Analogue Marking

Analogue Marking is using a verbal or non-verbal cue to mark out words in a sentence, or mark out space.

It will mean that you could see the progression of the movement somehow, like a hand movement outlining details.

If it were a watch, the hands ticking are an analogue movement.

From the research of Professor Birdwhistel (often misrepresented as Bob Birdwhistle and other names) and Albert Mehrabian it has been demonstrated that only 7% of the meaning of our communication is carried in the words we use. The remaining 93% is carried in the physiology and voice tonality we use when we communicate. 55% in our physiology and 38% our voice tonality.Analogue marking is when someone marks out a particular word or phrase with something none verbal. This enables us to pick up incongruence’s. For instance someone says “yes” and marks the word by shaking their head no.

Three elements of communication – and the “7%-38%-55% Rule”
In his studies, Mehrabian (1971) comes to two conclusions. Firstly, that there are basically three elements in any face-to-face communication:

Words, tone of voice and body language.

According to Mehrabian, these three elements account differently for the meaning of the message: words account for 7%, tone of voice accounts for 38%, and body language accounts for 55% of the message. They are often abbreviated as the “3 Vs” for Verbal, Vocal & Visual.

For effective and meaningful communication about emotions, these three parts of the message need to support each other in meaning – they have to be “congruent”. In case of any “incongruency”, the receiver of the message might be irritated by two messages coming from two different channels, giving cues in two different directions.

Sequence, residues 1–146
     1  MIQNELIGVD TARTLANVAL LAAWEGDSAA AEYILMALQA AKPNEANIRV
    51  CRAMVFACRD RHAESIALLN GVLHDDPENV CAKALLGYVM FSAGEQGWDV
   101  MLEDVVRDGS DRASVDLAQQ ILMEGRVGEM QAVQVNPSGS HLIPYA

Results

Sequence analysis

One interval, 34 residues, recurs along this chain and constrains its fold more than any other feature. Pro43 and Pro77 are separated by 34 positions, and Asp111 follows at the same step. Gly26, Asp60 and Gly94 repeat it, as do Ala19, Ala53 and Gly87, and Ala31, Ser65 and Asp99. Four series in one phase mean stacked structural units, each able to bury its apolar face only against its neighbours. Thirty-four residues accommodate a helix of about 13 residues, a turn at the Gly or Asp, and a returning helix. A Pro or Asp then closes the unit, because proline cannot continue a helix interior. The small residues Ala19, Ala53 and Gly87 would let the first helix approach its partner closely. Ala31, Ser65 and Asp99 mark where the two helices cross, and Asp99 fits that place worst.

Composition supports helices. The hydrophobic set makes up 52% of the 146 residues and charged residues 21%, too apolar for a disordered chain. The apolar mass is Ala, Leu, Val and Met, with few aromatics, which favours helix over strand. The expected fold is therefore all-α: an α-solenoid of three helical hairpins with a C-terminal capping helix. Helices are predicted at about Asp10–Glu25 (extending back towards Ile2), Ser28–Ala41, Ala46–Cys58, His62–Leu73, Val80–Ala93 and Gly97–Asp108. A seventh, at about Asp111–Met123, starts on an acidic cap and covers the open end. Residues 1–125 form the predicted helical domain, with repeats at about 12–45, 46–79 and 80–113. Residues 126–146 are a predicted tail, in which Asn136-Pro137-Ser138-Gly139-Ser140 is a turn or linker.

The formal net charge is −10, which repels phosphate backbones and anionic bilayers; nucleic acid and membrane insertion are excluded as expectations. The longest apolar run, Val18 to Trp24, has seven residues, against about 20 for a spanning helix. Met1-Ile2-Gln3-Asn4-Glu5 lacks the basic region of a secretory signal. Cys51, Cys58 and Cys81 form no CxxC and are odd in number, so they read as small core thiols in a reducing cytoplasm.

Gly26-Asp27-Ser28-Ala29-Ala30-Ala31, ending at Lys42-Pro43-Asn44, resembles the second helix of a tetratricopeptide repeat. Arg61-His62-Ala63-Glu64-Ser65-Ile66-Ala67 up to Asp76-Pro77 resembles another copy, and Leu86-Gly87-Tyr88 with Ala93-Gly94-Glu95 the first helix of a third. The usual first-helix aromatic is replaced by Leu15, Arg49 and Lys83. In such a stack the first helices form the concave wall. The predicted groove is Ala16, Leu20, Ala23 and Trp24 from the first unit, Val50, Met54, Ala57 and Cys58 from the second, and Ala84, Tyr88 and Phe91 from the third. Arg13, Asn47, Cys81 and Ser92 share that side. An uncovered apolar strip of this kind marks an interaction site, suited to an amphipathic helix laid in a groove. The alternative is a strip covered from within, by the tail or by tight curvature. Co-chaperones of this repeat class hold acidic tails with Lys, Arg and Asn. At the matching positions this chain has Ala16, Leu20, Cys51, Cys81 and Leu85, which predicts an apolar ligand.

The following example should help illustrate incongruence in verbal and non-verbal communication.

Verbal: “I do not have a problem with you!”
Non-Verbal: person avoids eye-contact, looks anxious, has a closed body language, etc.
It becomes more likely that the receiver will accept the predominant form of communication, which to Mehrabian’s findings is non-verbal (38 + 55 %), rather than the literal meaning of the words (7 %).

It is important to say that in the respective study, Mehrabian conducted experiments dealing with communications of feelings and attitudes (i.e., like-dislike), and that the above, disproportionate influence of tone of voice and body language becomes only effective when the situation is ambiguous. Such ambiguity appears mostly when the words spoken are inconsistent with the tone of voice or body language of the speaker (sender).

Misinterpretation of Mehrabian’s rule

Unfortunately, this “7%-38%-55% Rule” has been overly interpreted in such way, that some people claim that in any communication situation, the meaning of a message was being transported mostly by non-verbal cues, not by the meaning of words. This generalization, from the initially very specific conditions in his experiments, is the basic mistake around “Mehrabian’s rule”, and on his web page the scientist clearly states this.